Happy Halloween, everyone be safe tonight!
  • All the ingredients are in place for TCU quarterback Trevone Boykin to be a Heisman Trophy contender, writes Carlos Mendez of the Fort Worth Star Telegram. Gary Patterson, the Horned Frogs head coach, claims he's downplaying it to draw more attention to it but, quite frankly, Boykin will be the decider. His seven-touchdown game catapulted his name into the discussion, so if he continues to produce at a high level and TCU continues winning, he could emerge as a front runner for the award.
  • The lack of a championship game won't hurt the Big 12 when it comes to the College Football Playoff, writes Blair Kerkhoff of the Kansas City Star. It's been late losses by the Big 12's top team that has held the conference out of the national title conversation the past few seasons. I couldn't agree more with Kerkhoff. I just don't see a scenario where an undefeated Big 12 team gets left out of the top four, no matter what happens in other conferences.
  • Baylor's third down struggles have handicapped the Bears offense, writes John Werner of the Waco Tribune. As shocking as this seems, BU quarterback Bryce Petty is last in the Big 12 in third-down QBR at 26.4. Last season his 73.2 raw QBR on third down was fourth in the Big 12. It's another sign it's been a subpar senior season for Petty but the good news for Art Briles & Co. is Petty can rewrite the story of his senior season with a strong final stretch of the season.
  • Tom Keegan of has an under-the-radar candidate for Kansas' coaching vacancy in Georgia Southern coach Willie Fritz. A long-time coach at Central Missouri, Fritz has some Kansas ties and is in the midst of a solid season at Georgia Southern. While I still think Clint Bowen is the right choice to take over full time, add another name to the list of candidates to watch in Lawrence.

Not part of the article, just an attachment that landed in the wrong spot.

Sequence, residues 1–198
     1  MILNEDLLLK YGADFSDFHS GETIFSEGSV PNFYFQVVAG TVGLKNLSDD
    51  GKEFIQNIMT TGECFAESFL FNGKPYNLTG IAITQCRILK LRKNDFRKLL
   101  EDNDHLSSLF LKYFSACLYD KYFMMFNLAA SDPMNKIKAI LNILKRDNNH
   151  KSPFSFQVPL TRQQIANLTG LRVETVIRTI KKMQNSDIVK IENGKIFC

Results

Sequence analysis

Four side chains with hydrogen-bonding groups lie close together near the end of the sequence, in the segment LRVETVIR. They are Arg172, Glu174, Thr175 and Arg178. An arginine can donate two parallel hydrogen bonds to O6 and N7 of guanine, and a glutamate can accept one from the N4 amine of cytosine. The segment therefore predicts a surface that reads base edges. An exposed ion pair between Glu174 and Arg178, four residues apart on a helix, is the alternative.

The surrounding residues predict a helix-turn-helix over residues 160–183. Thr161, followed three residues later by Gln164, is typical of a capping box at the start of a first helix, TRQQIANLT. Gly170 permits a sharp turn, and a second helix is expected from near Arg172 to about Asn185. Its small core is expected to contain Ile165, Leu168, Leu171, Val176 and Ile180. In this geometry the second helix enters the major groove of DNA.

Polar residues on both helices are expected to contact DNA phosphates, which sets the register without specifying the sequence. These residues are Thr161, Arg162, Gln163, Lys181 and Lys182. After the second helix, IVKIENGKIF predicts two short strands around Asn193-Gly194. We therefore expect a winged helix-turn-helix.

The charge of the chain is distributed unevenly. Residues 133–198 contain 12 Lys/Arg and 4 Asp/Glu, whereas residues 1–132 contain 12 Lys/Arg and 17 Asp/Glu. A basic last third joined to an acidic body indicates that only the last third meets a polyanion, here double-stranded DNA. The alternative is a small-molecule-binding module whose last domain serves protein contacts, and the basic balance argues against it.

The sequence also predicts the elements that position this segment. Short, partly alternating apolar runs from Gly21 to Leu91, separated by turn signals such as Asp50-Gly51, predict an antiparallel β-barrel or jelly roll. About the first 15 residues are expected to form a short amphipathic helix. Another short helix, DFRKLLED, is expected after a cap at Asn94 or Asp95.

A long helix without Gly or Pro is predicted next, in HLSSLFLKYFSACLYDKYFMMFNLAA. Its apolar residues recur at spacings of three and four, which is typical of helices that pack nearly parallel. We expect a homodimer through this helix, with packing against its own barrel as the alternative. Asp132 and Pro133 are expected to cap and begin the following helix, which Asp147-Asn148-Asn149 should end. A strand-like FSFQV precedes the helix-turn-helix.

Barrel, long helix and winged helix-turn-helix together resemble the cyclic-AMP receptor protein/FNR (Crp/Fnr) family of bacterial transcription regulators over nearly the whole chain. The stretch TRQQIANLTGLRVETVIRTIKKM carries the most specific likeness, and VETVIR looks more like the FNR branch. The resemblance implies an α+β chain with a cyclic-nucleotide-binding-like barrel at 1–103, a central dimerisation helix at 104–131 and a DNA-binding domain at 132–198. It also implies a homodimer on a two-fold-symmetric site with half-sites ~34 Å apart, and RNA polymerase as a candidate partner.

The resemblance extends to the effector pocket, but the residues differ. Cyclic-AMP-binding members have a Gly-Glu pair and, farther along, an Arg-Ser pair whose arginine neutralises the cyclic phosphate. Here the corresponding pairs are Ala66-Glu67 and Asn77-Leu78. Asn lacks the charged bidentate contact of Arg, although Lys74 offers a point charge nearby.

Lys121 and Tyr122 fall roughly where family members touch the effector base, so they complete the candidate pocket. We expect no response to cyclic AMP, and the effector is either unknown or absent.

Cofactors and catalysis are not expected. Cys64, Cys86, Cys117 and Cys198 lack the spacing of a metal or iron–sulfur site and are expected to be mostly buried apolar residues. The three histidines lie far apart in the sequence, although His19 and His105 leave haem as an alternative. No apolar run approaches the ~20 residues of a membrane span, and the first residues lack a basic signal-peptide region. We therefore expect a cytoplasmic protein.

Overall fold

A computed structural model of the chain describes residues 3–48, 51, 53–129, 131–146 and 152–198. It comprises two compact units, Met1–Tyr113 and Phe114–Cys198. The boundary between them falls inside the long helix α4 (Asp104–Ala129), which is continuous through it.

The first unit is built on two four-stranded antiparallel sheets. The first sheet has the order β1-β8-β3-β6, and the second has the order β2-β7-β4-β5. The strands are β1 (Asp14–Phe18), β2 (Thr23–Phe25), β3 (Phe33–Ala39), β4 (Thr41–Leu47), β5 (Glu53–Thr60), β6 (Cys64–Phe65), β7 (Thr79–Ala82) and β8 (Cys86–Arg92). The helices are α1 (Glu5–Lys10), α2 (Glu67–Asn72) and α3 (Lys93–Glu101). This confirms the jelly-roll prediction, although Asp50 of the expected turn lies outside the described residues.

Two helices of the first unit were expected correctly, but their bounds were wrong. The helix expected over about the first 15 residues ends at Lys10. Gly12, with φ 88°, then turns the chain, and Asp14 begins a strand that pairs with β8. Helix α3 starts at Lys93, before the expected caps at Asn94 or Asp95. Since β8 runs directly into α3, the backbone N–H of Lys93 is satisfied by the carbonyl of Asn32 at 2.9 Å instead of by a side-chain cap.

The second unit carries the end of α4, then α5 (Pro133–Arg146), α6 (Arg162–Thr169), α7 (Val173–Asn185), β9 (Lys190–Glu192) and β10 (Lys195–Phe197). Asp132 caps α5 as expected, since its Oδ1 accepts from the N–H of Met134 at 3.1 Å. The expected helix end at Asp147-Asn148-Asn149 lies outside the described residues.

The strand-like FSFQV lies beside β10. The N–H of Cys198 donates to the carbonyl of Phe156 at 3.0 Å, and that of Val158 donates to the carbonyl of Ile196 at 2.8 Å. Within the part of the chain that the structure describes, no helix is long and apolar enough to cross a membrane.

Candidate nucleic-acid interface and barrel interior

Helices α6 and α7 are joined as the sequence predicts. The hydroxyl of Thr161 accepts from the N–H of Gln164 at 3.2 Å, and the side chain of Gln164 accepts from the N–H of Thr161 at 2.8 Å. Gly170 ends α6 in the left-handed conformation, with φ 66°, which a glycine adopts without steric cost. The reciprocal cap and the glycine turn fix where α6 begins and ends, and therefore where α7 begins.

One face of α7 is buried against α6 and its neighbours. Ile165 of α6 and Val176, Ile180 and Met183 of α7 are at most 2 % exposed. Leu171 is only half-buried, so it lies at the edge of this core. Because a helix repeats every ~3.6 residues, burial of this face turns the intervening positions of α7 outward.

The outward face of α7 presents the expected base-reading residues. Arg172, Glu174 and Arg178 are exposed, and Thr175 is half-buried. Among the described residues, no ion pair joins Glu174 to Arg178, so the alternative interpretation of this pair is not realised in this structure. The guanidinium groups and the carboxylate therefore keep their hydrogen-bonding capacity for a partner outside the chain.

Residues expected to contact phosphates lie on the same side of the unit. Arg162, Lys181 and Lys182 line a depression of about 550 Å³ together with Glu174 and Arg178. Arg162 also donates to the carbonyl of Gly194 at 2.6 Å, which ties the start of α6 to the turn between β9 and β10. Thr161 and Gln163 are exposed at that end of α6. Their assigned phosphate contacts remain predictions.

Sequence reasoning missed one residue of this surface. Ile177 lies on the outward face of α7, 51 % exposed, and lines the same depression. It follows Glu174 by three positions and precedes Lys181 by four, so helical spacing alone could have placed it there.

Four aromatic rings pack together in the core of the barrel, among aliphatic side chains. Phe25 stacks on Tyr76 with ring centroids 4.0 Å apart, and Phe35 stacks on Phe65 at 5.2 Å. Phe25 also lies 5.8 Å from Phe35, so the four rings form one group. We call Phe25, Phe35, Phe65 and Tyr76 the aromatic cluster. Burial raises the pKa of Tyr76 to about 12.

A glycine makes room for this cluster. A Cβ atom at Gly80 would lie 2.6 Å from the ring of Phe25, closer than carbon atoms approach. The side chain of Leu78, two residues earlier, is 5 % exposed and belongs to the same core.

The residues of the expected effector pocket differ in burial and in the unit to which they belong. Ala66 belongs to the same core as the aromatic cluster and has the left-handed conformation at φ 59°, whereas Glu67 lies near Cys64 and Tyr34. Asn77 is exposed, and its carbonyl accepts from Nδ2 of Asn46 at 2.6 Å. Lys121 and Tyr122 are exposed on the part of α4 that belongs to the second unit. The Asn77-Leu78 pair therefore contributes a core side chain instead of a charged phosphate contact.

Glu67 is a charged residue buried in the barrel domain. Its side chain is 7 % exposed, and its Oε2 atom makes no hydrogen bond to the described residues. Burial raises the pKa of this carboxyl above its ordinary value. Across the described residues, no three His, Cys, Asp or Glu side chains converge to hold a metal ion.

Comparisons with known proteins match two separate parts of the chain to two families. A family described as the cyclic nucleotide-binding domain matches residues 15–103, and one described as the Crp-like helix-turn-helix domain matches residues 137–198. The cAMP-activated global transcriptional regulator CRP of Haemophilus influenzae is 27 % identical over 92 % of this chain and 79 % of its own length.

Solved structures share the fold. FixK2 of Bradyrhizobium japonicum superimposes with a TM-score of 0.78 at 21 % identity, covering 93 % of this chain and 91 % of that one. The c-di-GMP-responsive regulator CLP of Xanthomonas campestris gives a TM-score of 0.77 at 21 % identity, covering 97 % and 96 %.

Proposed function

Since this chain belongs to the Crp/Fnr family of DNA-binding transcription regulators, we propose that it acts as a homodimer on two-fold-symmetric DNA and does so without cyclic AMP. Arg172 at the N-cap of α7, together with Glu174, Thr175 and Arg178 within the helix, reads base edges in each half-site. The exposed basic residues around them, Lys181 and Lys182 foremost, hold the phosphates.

• West Virginia's defensive turnaround has been built on good communication and trust, writes Mike Casazza of the Charleston Daily Mail. The Mountaineers' defense is much improved but we'll see how much it has improved against TCU, the nation's top scoring offense. I'm expecting a lot of points from both offenses on Saturday, so the key will be good defense in clutch moments (i.e. third down and red zone) and WVU defenders winning their share of the one-on-one battles on Saturday. If they win those battles, I like WVU's chances to win the game.

Big 12 Week 10 predictions

October, 30, 2014
Oct 30
Why TCU will win: The Horned Frogs, playing like one of the nation's best teams, can get better. Trevone Boykin has been lethal, this offense has too much explosive diversity and TCU's defense will get the crucial second-half stops. This will be a fun chess match, a really physical game and another statement win for the Frogs. TCU 48, West Virginia 38. -- Max Olson

Why West Virginia will take it down to the wire: Clint Trickett and Kevin White are a great place to start. Add the Big 12's most improved defense, and WVU is in business. WVU has the playmakers to keep up with Boykin and the Horned Frogs' offense, while an electric atmosphere in Morgantown will make things even more difficult on TCU. Expect a close, high-scoring affair. TCU 49, West Virginia 46 -- Brandon Chatmon

Why Kansas State will win: Oklahoma State's offense is a dumpster fire right now, while K-State is coming off a shutout victory over Texas. The Cowboys again won't be able to move the ball against K-State's defense, which is stout at every level. And Jake Waters & Co. will be able to generate enough offensively to put this game away in the second half. Kansas State 31, Oklahoma State 13 -- Jake Trotter

Why Oklahoma will win: Don't sleep on these Cyclones. They proved against K-State and Texas that they're no easy out. But the Sooners are coming off a bye week, get top back Keith Ford back and know this Big 12 race isn't over for them just yet. OU steps up and gets a much-needed, bounce-back win. Oklahoma 45, Iowa State 20. -- Olson

Why Iowa State will keep it close: The Cyclones have historically played Oklahoma tough in Ames. The Iowa State offense is beginning to find its stride under coordinator Mark Mangino, while the Sooners have been suspect defensively the past month. The Cyclones probably won't be able to make enough stops to win. But they have the offense to make this one interesting. Oklahoma 35, Iowa State 31 -- Trotter

Why Baylor will win: Big plays, big plays and big plays. Injuries have dealt the Bears a blow along the offensive line, but Bryce Petty & Co. should come up with enough big plays to win comfortably against the Jayhawks. Baylor 45, Kansas 14 -- Chatmon